As we stood with our hands over our mouths, we turned into the hallway where there was firehose draped between a few ladders. On the hose were badges with the names and fire company for each first responder lost. Everyone picked one or more. We looked at them, said their name, clipped them onto our rucks and waited in line until it was our time to go. Michelle started first. She committed to doing 100 flights of stairs with a 30lb ruck. 10lbs for every $100 she raised for the event.
I had a similar concept. I also had weight based on a goal raised. I had 40lbs. I wasn’t sure I could complete 100 flights of stairs with 40+ lbs and still be able to do the Battle of Ramadi Tough/Light by the end of the week. So I knew I could do 30 lbs no problem; or so I thought.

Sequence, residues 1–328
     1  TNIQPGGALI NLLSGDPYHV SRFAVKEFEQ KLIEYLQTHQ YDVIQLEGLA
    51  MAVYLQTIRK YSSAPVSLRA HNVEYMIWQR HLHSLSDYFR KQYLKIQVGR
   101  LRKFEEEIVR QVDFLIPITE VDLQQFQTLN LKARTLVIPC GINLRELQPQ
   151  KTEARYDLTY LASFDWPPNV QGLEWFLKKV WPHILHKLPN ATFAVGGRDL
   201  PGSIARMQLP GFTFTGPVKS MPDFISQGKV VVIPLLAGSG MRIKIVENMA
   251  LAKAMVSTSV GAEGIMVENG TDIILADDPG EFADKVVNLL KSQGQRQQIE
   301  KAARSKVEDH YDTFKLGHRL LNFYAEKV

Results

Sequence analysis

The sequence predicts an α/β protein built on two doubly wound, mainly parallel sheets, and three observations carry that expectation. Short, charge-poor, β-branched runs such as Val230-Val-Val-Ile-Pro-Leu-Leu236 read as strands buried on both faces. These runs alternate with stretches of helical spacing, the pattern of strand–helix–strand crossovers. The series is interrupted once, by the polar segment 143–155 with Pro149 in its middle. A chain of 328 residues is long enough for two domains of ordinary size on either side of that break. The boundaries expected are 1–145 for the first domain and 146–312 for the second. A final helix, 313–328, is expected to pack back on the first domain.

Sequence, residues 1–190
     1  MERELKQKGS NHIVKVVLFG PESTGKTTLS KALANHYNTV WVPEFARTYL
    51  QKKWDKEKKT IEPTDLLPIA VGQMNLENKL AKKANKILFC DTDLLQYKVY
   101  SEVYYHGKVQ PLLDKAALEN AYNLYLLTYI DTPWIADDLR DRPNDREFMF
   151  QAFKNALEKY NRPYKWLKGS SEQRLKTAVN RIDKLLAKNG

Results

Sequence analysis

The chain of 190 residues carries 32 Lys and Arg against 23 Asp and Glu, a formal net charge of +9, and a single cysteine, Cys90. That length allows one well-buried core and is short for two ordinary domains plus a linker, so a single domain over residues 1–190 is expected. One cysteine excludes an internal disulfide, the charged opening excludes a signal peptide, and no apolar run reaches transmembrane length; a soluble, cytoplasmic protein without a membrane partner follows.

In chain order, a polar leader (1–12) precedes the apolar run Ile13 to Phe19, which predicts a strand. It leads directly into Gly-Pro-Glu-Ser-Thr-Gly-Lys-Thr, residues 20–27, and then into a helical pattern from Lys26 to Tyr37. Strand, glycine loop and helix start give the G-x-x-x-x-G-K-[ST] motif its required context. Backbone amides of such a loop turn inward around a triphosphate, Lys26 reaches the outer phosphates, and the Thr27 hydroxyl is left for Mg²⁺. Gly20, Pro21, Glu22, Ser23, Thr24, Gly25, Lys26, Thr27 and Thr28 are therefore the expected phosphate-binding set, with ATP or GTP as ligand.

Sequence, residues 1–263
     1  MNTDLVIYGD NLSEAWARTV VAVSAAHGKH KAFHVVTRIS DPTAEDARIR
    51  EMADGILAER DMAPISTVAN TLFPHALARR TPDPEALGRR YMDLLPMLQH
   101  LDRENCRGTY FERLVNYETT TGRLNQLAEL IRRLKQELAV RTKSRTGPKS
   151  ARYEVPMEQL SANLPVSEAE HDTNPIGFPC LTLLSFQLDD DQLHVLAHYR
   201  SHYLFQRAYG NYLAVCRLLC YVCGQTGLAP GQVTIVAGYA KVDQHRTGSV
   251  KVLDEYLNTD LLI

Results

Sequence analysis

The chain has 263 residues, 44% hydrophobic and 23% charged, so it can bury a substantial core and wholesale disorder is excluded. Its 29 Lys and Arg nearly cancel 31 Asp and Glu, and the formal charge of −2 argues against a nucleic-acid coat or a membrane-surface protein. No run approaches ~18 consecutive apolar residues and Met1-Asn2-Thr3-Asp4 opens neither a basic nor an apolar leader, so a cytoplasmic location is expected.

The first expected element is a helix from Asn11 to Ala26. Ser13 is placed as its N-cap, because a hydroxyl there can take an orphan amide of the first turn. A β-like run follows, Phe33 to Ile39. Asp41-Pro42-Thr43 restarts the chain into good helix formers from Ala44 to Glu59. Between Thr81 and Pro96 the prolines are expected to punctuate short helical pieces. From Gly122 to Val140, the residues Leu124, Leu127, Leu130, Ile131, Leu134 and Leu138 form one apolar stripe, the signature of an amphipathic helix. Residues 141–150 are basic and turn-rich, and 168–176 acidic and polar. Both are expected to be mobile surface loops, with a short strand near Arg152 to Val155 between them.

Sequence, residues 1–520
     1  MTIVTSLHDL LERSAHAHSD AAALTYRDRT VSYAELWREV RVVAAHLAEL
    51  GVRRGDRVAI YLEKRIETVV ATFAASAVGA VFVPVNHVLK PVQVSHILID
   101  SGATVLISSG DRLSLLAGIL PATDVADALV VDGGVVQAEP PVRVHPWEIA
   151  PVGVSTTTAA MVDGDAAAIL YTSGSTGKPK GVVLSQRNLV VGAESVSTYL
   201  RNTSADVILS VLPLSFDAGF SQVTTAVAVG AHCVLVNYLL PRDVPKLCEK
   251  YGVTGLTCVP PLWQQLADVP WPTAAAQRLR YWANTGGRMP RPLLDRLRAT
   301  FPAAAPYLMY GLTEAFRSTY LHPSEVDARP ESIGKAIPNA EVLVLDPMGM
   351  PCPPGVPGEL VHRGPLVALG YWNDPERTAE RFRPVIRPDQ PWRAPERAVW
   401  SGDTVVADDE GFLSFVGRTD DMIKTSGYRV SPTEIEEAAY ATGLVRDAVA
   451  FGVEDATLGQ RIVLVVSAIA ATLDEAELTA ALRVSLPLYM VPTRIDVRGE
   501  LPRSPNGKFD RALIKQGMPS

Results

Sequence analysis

The starter read our race bib number out loud and counted each participant down. Melissa started just ahead of me. I started going about 10 seconds later. The first thing that hit me was how hot it got really really fast. The stairwell was strictly for emergencies. It was metal diamond plated stairs and judging by the seemingly fresh paint on the stairs, they aren’t used very often. They don’t have ventilation. The air was hot, humid and stale. I caught up to Melissa on the 4th floor and we continued together. By the 5th floor I could feel my heart racing, my breathing getting more and more shallow. My mouth went dry and suddenly I felt like I was having some sort of anxiety attack. I don’t feel claustrophobic at all unless it is a very confined space. I didn’t think I would have an issue. By the 6th floor there was a water station and I grabbed a bottle of water. At the 7th floor I had to stop just to figure out how to breathe. I moved out of the way as a firefighter on his second trip up the stairs came blowing past with full turnouts. I stopped my pity party and pressed on.